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Courtesy. 

Local youth participate in the fencing program at Marysville Youth and Civic Center.

What was a 1990s activities center and snack bar, where local youths loved to hang out is evolving and is now an official youth center dedicated to keeping at-risk youth out of trouble. Although the center is up and running, community help is needed. 

The Marysville Youth and Civic Center, formerly known as the Allyn Scott Youth Center, was founded by Ken and Allyn Scott as Hot Dog Junction in 1998. It currently has a new name and management. 

“The most challenging part of being at the center is returning it to it’s original vision,” said Peggy Smith, a center board member and specialist for Pathways Prevention Services. She is also the program  and fundraiser director at the center where her responsibilities include providing curriculum that local youth will participate in. 

“When the Scotts ran the center, Hot Dog Junction was here and everyday the center was full of our local youth. They knew they had a safe environment to come hang out and do their homework. There were so many programs and events that revolved around the youth,” Smith said.

Smith has been a part of the Yuba-Sutter community for 39 years. She said she recently joined the board at the center after attending a meeting where she fell in love with the center’s potential to be a great outlet for community youth, teens and young adults. 

“It’s important that we provide youth with the tools necessary to keep them off the streets, out of prison, away from alcohol and drugs, and help them build a better foundation for their future,” Smith said.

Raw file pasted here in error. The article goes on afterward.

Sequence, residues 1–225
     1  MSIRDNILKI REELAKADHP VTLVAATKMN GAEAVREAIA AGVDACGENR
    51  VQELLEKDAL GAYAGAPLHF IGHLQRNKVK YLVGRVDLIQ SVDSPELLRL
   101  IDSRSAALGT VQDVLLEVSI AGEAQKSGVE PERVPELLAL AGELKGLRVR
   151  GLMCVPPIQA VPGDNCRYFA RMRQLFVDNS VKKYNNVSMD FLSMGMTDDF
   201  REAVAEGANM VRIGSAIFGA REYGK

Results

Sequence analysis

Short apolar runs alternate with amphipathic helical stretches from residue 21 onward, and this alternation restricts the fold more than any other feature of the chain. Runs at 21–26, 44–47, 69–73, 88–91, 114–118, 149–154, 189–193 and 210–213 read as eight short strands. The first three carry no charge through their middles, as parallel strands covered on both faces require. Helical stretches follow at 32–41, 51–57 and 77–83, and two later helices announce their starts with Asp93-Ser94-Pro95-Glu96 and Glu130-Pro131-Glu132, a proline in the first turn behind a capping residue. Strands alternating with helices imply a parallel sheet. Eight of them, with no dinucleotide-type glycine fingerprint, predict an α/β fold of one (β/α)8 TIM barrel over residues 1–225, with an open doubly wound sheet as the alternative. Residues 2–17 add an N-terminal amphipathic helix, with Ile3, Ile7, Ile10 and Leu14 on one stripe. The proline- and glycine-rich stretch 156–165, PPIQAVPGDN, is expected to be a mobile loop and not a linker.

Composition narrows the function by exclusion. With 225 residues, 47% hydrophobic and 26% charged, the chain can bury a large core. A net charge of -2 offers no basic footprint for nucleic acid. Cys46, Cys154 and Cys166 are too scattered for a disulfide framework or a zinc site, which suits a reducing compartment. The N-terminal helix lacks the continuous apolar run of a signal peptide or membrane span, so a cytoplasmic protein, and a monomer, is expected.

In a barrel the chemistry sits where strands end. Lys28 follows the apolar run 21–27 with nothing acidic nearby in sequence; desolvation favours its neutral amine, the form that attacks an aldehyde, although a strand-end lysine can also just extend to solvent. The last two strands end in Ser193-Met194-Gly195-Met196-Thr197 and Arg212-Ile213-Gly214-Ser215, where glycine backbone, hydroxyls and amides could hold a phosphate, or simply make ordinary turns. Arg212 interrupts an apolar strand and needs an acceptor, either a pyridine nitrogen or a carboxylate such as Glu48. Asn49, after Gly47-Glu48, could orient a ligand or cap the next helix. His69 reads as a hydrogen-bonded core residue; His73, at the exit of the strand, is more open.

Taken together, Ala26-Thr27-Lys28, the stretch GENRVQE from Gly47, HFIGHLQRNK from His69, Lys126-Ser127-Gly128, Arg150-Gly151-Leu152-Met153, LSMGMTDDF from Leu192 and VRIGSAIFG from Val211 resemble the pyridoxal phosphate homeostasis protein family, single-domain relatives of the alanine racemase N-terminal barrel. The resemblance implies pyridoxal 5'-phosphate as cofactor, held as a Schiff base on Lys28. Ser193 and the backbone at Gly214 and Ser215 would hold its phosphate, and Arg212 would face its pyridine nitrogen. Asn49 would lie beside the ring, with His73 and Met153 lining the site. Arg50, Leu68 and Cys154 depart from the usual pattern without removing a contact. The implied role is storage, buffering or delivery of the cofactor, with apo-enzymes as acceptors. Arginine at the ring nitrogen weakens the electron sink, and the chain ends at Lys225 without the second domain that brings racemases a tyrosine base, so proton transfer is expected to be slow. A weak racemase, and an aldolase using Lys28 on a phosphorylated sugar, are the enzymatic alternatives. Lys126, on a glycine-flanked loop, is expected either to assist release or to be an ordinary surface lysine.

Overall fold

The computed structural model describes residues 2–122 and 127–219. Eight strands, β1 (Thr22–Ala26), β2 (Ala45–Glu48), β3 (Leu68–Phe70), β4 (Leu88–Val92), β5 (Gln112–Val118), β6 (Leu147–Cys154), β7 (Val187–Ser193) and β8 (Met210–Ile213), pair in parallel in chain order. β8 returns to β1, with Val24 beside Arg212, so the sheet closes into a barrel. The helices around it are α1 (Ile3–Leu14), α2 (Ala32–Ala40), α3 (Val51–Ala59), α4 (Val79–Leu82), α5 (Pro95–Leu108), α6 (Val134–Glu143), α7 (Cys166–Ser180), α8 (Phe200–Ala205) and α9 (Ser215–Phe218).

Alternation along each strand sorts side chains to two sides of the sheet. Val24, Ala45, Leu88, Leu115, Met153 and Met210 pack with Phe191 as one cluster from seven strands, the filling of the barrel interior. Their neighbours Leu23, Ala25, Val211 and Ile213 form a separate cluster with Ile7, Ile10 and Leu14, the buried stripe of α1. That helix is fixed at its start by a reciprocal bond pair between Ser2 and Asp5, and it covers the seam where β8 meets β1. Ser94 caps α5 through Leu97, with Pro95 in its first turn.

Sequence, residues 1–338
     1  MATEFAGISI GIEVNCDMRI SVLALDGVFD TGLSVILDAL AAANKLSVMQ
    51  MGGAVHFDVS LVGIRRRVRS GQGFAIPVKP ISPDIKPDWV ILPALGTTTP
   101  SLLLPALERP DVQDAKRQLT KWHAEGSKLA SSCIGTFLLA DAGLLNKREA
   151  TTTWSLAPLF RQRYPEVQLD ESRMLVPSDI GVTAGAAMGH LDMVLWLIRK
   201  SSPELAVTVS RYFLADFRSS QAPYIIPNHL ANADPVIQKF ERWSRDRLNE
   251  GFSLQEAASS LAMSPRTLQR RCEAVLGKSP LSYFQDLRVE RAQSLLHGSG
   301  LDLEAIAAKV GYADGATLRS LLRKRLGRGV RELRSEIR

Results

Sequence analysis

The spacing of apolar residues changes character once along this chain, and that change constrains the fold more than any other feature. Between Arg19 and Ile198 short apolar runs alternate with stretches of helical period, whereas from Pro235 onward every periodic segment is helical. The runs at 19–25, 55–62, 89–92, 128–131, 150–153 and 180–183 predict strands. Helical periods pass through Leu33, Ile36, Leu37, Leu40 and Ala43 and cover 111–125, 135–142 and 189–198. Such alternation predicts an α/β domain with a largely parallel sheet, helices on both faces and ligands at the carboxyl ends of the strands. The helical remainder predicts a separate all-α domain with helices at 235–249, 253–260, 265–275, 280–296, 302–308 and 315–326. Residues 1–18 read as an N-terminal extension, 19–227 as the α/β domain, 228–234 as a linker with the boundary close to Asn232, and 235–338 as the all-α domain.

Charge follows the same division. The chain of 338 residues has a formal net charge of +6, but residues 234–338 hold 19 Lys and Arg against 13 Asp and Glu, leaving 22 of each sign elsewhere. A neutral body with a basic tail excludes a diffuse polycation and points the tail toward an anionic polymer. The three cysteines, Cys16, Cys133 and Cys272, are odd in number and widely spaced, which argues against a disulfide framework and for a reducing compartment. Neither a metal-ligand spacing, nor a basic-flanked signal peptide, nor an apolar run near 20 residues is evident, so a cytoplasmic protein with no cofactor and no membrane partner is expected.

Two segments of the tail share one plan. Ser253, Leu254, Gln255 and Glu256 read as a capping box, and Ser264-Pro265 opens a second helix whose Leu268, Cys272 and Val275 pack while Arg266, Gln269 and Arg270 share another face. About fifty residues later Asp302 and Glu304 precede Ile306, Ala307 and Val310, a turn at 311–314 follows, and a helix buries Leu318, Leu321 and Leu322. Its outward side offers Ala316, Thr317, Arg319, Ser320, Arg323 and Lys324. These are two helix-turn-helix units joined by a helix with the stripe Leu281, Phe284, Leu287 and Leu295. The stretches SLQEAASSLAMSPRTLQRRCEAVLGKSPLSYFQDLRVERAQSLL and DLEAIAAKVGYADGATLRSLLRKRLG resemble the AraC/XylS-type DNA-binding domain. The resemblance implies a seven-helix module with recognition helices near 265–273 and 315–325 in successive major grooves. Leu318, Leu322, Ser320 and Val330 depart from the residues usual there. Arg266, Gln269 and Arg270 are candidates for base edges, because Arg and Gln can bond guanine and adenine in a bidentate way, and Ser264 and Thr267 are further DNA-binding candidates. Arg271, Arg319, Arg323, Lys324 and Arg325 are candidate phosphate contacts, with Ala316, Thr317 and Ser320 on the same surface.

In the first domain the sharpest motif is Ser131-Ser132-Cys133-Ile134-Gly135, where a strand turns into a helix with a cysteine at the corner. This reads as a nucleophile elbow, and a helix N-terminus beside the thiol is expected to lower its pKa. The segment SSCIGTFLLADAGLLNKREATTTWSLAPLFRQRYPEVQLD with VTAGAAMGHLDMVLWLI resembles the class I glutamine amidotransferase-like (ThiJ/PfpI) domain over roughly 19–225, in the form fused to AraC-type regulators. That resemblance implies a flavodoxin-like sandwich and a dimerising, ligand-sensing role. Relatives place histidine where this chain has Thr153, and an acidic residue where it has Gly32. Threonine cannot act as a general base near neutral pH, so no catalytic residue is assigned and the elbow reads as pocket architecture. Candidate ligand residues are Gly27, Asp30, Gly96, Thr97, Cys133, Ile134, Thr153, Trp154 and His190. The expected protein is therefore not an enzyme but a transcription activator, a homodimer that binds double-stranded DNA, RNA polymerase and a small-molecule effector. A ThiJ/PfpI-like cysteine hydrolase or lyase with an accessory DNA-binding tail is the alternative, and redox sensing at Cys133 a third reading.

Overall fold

The center provides the Yuba-Sutter community with educational and employment opportunities for youth, parenting workshops to help assist with tough conversations, entertainment, rental space for parties and conferences and more. 

“The kids here have to have a place to go. Otherwise it’s too easy to get into mischief,” said Steve Meyer, vice president and site maintenance manager. He’s been attending the center for some 10 years as a part of their archery program and as a handy-man/volunteer before officially joining the board last year.

“This is a place for kids to have a positive influence while hanging out with their peers,” Meyer said.

Meyer and Smith agree there is work to be done. 

“Our goals are to return it to a state-of-the-art community center. Right now it is in need of a lot of upgrades and repairs,” Smith said. 

The center needs a new roof and floors and upgraded bathrooms and kitchen. They would also like to have a computer center where kids can go do their homework and have a more innovative game room.

“We have a long road in front of us and we can only do this with the help and generosity of our community,” Smith said . 

The center is currently sustained by rentals of the facility and fundraisers. They will have an open house and spaghetti dinner June 29, and an indoor carnival July 13, to help raise money for the center. 

For more information call 763-3075 or email programs.mycc@gmail.com

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